One Heaping TBSP of Freshly Prepared Sprouts (all of my birds without exception eat every single sprout I give them and it is the first food to be eaten...it is a living food).  My sprout mixes vary but ALWAYS contain sunflower seeds and mung beans...which are both outstanding sources of lecithin (a key building block of cell membranes; without it, they would harden.  Lecithin protects cells from oxidation and is also a fat emulsifier)... Pumpkin seeds are also most often included.  For Sprout Mixes
One Heaping TBSP of Chopped Fresh VeggiesI choose groups of five or more and run them through the processor until they are chopped.  Some typical groupings that I offer...no reason other than they are fresh and available:
bulletBroccoli stem peeled, peas in edible pods, swiss chard leaf and stem, red pepper flesh...seeds served whole, raw carrot.
bulletCelery stalk with leaves, fresh green beans, salad mix with a variety of greens, raw butternut squash...seeds set aside to add whole.
bulletZucchini, peas in edible pods, baby bok choy with flowers, bit of raw carrot, several raw green beans, sprig or two of parsley.

When they are available you can also offer edible flowers...broccoli going to flower is great, rapa rapinni is an Italian green that flowers.  Use only flowers you know to be edible...ask if you don't know.

Other choices for greens include dandelion, kale, collard, romaine lettuce... vary the offerings and you can even offer individual leaves intact woven in the cage bars during the day.

I seldom feed corn in any form to my eclectus.  They enjoy small amounts of frozen organic corn thawed or corn on the cob when it is seasonal.  I have never put it in my sprout mix.

The above items are mixed together in a bowl with a good squirt of ORGANIC APPLE CIDER VINEGAR (or lemon juice, or orange juice).

To each dish I include additionally...

One Tsp (equivalent) of FRUIT.  One fruit is a berry and the other is not.  As an example this morning mine had blueberries and fresh mango slice.  I do not offer dried fruit unless I have dried it myself.  Too many chemicals are used in the process mainly sulphur and often they are sugared as well.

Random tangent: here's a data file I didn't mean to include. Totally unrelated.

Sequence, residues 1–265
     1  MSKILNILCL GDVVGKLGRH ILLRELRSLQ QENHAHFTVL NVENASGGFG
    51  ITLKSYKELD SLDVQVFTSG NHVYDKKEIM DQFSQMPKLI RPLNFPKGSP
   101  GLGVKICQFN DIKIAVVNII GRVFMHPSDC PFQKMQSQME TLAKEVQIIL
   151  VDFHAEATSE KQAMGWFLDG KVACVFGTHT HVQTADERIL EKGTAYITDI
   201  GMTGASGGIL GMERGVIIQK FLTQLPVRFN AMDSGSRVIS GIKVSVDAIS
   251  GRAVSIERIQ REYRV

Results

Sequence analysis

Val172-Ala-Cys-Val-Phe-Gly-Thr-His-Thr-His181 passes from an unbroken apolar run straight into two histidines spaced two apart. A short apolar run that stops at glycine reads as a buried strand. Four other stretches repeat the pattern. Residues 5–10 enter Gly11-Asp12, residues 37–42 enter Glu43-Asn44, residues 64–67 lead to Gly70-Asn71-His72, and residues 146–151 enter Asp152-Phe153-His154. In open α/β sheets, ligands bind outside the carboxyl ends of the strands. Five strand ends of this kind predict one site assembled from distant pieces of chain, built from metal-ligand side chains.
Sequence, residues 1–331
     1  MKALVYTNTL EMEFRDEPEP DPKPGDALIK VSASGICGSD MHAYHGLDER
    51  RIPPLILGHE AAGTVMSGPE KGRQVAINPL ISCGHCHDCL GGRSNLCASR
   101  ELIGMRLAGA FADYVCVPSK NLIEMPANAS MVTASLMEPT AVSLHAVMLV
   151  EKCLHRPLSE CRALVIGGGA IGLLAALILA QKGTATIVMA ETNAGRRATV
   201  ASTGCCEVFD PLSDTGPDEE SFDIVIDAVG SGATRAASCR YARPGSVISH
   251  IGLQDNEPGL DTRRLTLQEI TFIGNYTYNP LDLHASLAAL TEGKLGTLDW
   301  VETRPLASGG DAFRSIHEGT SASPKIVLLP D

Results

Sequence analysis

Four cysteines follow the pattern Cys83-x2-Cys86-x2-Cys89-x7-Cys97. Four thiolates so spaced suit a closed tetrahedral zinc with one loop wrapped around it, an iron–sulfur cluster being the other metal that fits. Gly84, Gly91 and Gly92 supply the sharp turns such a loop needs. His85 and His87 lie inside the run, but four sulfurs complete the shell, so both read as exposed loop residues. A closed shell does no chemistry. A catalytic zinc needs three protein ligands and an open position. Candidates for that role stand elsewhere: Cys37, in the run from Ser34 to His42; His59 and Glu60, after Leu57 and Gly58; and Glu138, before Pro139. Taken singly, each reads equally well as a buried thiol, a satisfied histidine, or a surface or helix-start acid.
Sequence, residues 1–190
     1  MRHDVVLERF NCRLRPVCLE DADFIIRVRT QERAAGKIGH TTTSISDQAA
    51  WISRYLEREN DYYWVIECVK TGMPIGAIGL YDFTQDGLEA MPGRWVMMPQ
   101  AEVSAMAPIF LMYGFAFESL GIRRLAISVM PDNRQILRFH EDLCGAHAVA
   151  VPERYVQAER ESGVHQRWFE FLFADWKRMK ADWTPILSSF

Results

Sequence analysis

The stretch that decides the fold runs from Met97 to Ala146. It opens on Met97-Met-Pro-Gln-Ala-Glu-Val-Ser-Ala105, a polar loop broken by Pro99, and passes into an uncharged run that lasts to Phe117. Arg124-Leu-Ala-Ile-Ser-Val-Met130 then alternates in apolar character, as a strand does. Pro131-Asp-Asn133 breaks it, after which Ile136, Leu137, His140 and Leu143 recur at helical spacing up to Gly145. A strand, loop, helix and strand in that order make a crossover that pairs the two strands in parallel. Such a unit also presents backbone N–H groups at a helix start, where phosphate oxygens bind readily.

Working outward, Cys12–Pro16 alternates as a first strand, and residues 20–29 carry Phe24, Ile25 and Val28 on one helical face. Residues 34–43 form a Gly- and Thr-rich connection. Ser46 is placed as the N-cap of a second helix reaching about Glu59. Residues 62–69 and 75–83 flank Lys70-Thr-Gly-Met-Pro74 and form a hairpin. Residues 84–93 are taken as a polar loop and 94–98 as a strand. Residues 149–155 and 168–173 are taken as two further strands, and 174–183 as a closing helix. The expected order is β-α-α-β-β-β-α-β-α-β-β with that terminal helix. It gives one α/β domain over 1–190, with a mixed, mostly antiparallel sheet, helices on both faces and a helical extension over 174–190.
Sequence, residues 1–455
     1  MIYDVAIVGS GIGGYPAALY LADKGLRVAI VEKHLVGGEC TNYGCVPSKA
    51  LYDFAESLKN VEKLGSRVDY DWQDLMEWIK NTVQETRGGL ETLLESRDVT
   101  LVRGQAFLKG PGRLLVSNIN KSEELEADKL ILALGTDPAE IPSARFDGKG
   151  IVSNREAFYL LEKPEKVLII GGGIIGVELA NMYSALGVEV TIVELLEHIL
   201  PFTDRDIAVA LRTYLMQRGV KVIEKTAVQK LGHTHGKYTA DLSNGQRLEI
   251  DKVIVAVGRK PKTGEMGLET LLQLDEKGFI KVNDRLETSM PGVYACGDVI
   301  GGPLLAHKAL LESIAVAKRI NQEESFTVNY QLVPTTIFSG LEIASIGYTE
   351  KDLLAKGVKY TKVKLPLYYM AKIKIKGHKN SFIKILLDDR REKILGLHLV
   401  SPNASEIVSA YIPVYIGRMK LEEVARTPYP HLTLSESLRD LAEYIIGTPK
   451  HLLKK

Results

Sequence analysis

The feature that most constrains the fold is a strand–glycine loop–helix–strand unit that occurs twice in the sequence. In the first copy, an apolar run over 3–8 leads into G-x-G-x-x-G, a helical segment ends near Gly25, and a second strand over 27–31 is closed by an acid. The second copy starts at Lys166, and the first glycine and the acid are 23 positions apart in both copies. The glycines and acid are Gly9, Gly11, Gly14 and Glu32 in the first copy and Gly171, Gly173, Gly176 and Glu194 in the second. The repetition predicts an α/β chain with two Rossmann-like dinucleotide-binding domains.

Excellent fruit choices for eclectus are in BERRIES:  raspberries, blueberries, black berries, black and red currants, etc.  I only use strawberries if they are organic or I have grown them myself.

OTHER FRUITS are kiwi, papaya (both with seeds...eclectus love seedy fruit!), grape with seeds, apple, pear, mango, banana... (again choose organic or don't feed), guava, ...and this is just listing what I can get.   There may be other fruits available where you live that you could offer.  DO NOT feed avocado.

Graham Taylor who has studied and observed eclectus in the wild in northern Australia says that they are fruit eaters and consequently he feeds his captive flock a large portion of their diet as fresh and also local fruit.

On top of the veggie/sprout mix I add the following source(s) of essential fatty acids nearly every day...

1/4 Tsp of FLAXSEED MEAL over this meal for its healthy fats.  Flax is very high in Omega 3 fatty acids which are NOT found in any cooked or processed food including all pellets.

Just lately (winter months) I have been offering a scant 1/16 tsp. of UDO OIL, a balanced source of essential fatty acids in place of the flax meal.  You could also substitute about 1/4 tsp. of HEMP SEED MEAL instead of the Flax Seed Meal.  Hemp is also a balanced source of essential fatty acids.

If you like to use all of these sources of Omega fatty acids they can be alternated throughout the week.

Please note that ESSENTIAL FATTY ACIDS (EFA's), especially the Omega 3's ARE ESSENTIAL...NOT OPTIONAL...COMBINED WITH THE NATURALLY OCCURRING VITAMIN E IN DARK GREEN LEAFY VEGETABLES, NUTS, SEEDS, LEGUMES AND WHOLE GRAINS, ESSENTIAL FATTY ACIDS KEEP TE BLOOD THIN AND LOWER LOW DENSITY LIPOPROTEINS (LDL's) the major transporter of cholesterol in the blood stream and likely the culprit that deposits cholesterol in the arteries.  See bottom of the page for more information on EFA's.  

I add the following for each eclectus twice a week:
bulletCalcium/magnesium/Vitamin D supplement... 1/2 capsule of the Solaray Calcium/Magnesium/Vitamin D3          OR
bullet1/4 tsp. of SuperAbsorbeze from Nature's Life (no more than twice a week unless a hen is laying and then only daily after she has laid, for an incubation period of 30 days).

Throughout the week I offer the following natural supplements in rotation.  These "green" supplements can be given every day.

bulletAlfalfa Powder (a pinch or 1/8 tsp. per bird)
bulletWheat Grass freeze dried (a pinch or 1/8 tsp. per bird)
bulletBarley Grass (a pinch or 1/8 tsp. per bird)